Archive for April, 2010

Are Happy Days here again?

The big spenders are back!

The sheer number of P&G products sold – volume — grew 7 percent over the recession-plagued 2009 quarter, the strongest year-to-year growth in 18 quarters, the company said. Management credited a stream of new products and beefed-up advertising and promotions. “Volume growth was strong as we accelerated our pace of innovation and increased marketing support,” said CEO Bob McDonald.

I’ll hedge and say, “perhaps.”  Or, “some.”

Our research among CMOs shows that fewer feel themselves under strict executive scrutiny and pressure than a year ago.  It is down from 89% in 2009 to…80% this year.  So compared to last year, this is good.  But in absolute terms we probably all think differently.

Here’s my simplistic analogy.  Our economy was a car going 100 mph.  Come 2008 and we hit the brakes hard.  Too hard, going from 100 mph down to 0 mph.  This year the engine is revving up and we are now cruising along at 50 mph.  It feels fast, very fast, compared to last year.  But it is still 50 mph.

C.K. Prahalad

It was sad to read that C.K. Prahalad passed away a little over a week ago.

C. K. Prahalad, Proponent of Poor as Consumers, Dies at 68 – Obituary (Obit) –

Many will remember C.K. Prahalad for his writings on people at the bottom of the pyramid.

What drew me to his work was the developments around the theory of “co-creation.”  He coined the term, which has been gaining influence in the marketing world.  And he made it a central part of his work over the years.  It may yet turn out to be his most lasting contribution to marketing.

His thinking on co-creation has certainly informed our approach and how we developed Narrative Branding.  And I know it has influenced many others, both individuals and organizations.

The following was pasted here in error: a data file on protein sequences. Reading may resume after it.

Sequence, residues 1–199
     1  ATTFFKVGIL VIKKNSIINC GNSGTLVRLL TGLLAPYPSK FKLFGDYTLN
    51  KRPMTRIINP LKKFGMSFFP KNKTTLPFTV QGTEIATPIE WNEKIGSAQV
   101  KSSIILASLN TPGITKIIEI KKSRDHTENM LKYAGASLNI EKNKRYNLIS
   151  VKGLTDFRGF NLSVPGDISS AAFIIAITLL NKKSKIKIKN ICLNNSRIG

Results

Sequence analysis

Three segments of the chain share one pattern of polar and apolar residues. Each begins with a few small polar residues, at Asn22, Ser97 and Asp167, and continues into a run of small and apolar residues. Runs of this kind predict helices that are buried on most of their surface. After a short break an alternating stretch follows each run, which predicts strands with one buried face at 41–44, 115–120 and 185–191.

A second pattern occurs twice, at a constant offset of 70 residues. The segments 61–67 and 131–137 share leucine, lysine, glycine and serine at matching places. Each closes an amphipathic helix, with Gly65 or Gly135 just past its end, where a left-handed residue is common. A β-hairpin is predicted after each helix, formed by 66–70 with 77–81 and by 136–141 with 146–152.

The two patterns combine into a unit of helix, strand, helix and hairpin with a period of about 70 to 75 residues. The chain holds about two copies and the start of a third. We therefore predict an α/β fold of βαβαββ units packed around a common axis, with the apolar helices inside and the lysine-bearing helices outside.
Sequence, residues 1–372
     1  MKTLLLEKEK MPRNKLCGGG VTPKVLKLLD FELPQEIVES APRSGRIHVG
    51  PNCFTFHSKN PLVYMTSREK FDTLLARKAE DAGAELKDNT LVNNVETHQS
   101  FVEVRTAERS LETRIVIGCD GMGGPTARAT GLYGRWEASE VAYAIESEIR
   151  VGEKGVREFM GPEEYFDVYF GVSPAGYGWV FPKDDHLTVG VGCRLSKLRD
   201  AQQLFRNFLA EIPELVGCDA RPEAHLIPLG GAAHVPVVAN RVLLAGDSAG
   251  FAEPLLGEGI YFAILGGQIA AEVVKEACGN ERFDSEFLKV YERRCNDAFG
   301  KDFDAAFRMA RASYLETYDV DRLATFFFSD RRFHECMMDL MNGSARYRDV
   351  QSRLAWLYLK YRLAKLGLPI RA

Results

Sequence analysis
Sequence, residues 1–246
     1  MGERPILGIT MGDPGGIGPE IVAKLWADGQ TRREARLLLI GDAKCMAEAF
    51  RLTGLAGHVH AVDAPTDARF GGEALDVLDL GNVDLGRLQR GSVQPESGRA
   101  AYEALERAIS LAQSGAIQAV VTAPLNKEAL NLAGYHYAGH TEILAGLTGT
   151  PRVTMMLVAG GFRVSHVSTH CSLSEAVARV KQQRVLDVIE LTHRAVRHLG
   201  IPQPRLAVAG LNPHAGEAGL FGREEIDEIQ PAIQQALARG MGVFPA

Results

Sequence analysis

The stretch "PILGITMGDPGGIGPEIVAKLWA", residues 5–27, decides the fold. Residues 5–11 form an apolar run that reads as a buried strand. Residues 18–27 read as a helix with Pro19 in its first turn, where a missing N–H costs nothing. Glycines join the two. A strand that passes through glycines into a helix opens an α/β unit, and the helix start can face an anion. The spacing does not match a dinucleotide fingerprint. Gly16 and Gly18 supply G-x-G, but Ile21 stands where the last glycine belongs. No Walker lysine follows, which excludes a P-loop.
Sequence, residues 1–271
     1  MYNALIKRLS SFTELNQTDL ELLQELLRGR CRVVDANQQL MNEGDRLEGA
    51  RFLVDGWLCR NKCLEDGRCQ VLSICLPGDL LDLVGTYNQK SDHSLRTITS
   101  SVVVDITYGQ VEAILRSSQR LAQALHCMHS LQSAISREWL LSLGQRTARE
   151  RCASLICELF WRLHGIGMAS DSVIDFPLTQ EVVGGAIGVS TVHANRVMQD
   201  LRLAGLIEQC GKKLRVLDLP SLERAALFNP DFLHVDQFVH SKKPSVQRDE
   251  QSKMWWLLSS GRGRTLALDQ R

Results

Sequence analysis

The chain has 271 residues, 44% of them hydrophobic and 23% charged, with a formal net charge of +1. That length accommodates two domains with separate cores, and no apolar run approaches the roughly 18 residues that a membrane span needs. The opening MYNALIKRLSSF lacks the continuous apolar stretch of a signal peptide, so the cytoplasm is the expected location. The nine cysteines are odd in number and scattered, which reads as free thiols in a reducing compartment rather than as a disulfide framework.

We have all lost a very talented and inventive thinker.

Brands come and go but a portfolio is forever

One of the great and also sad parts of branding is the constant change.  Nothing in marketing is permanent.  The market dynamics, changes in consumer tastes, companies eating companies, all of these and more contribute to a continuously shifting brandscape.

This is great because there is new opportunity, energy, new ideas always being brought forward.  And it is sad because some of our creations inevitably disappear from the marketplace.

My musing on this was triggered by the news that Qwest is being acquired by CenturyLink.  Qwest was one of the brands I helped to create when I was at Bright Sun Consulting.  It was a tremendous success in the early years after launching.  And it was one of the few telecom brands created in the mid-1990s that is still around.

Ride The Light

Ride The Light

With the merger, there is a 50/50 chance that the Qwest brand will still be around.  But a more realistic scenario is that CenturyLink will become the corporate brand sooner or later.  There are times when the acquiring company adopts the brand of the acquired company (SBC acquired AT&T and rebranded as AT&T; Bank One and JP Morgan Chase).  But CenturyLink has a history of acquiring companies and rebranding them.

Longevity in this business means having a large portfolio of brands created and, inevitably, a portfolio of brands that were once stars and have now fallen to earth.  Even many of the designs of the great Paul Rand have been replaced over the years — 2 of them by our own Michael Thibodeau.

All is fair in the name of PROGRESS!  And, of course, reinventing marketing for today’s world.

Is this the end of email?

I sent an email to one of our teenagers and didn’t get an answer for a week.  “Oh, I only check email once a week,” she explained.  “Why didn’t you use Facebook?”  In fact, Facebook is a common way of communicating in our apartment — each kid in their own bedroom posting to Facebook and the adults huddled in our bedroom monitoring them.  Facebook, Skype, text message, they are more effective ways of saying, “Did you do all of your homework?” than the email.

So it got me to wondering…is this the end of email as we know it?  Will tweets replace the staccato email message?  Is email the technology equivalent of a record?

I can only hope so, since the amount of email I get seems to be growing exponentially.  I was unplugged for three days and the amount of stuff waiting for me was nearly overwhelming.  [Note — it was an involuntary unplugging.  I was away from home and my family forcibly removed the Blackberry from me.]

The amount of email has gotten so bad, I’ve had to resort to actually making phone calls when I need to communicate with people…

Great event with John Caslione, co-author of Chaotics

This evening it was a great pleasure to have John Caslione discuss the Chaotics theory of management and marketing.  We were quite fortunate to arrange the event, since John lives in Frankfurt, Milan and Chicago.